In 1846, Peter Cartwright, celebrated circuit-riding Methodist preacher, ran against Lincoln for United States Congress. Lincoln went to hear Cartwright preach, and Cartwright asked all to stand who did not wish to go to hell. Everyone in the congregation stood except Lincoln and Cartwright inquired, "Mr. Lincoln where are you going?" Lincoln responded: “I am going to Congress," which he did by defeating Cartwright in the Congressional election. His single term as a U.S. Congressman was followed by a long practice of law in Springfield, Illinois.

In 1858, he was the Republican Party nominee for United States Senate, running against Judge Stephen A. Douglas. He lost the election narrowly, but the hard fought campaign, including the series of seven face-to-face debates, began Lincoln’s rise to the rank of a national political figure.

Two years later he was elected to the Presidency of the United States on the Republican Party ticket. 

The moral issue of slavery, the pivot of the Lincoln-Douglas contest, deepened the religious elements of Lincoln’s thoughts. He made frequent reference to scriptural categories of judgment. When he left Springfield, Illinois to travel to Washington, D.C. to become President, mindful that he might not see Springfield again, he told his friend, Presbyterian minister James Smith, "I wish to be remembered in the prayers of yourself and our church members."

In Washington, D.C., the Lincolns attended the New York Avenue Presbyterian Church and Lincoln frequently attended the Wednesday night prayer meetings. On one occasion clergymen came to the White House, one of whom expressed the hope that "the Lord was on our side." Lincoln replied: "I know that the Lord is always on the side of the right. But it is my constant anxiety and prayer that I and the nation should be on the Lord’s side." 

When he proclaimed the Emancipation of the slaves in 1863, he told his cabinet: "I made a solemn vow before God, that if General Lee was driven back from Pennsylvania, I would crown the result by the declaration of freedom to the slaves."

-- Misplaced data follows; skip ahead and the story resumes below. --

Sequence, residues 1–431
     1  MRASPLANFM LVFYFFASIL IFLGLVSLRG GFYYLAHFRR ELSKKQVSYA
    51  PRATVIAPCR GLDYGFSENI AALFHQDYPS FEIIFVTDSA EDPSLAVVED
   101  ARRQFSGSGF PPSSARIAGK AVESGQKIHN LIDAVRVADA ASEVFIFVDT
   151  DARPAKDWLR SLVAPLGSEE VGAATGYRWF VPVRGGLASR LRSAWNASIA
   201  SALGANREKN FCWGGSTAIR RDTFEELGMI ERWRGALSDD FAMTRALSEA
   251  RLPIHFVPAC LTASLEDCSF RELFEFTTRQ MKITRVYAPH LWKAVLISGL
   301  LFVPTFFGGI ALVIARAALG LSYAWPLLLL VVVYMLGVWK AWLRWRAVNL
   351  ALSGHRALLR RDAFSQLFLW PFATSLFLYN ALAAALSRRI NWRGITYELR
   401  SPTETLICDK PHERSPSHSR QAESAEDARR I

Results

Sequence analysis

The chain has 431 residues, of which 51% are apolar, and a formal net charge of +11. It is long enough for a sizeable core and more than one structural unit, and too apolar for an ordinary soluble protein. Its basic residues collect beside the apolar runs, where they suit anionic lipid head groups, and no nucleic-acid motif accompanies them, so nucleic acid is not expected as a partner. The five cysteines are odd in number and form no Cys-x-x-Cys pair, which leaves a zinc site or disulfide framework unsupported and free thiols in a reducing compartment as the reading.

The religious spirit that guided him was clearly evident in his Second Inaugural Address in 1864, now inscribed on one wall of the Lincoln Memorial in Washington, D.C.: "With malice toward none; with charity for all; with firmness in the right, as God gives us to see the right, let us strive to finish the work we are in; to bind up the nation's wounds."

On Good Friday, April 14, 1865, Lincoln was assassinated at the Ford’s Theater in Washington, D.C. by John Wilkes Booth, an actor, who somehow thought he was helping the South. The opposite was the result, for with Lincoln's death, the possibility of peace with magnanimity died. 

When Secretary of War Stanton, so often embroiled in friction with Lincoln, heard that Lincoln had been killed, Stanton uttered this spontaneous epitaph: "Now he belongs to the ages."

Presented by Mr. Forrest F. Burgess, Chairman of the Evangelism Commission and the Ushering Committee; former Chairman of the Administrative Board, Mt. Vernon Place United Methodist Church; and formerly with the Federal Bureau of Investigation.

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Religion In The Lives Of The American Presidents

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President Abraham "Abe" Lincoln

Posted By: J.J. Burks

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Updated: 6-3-2016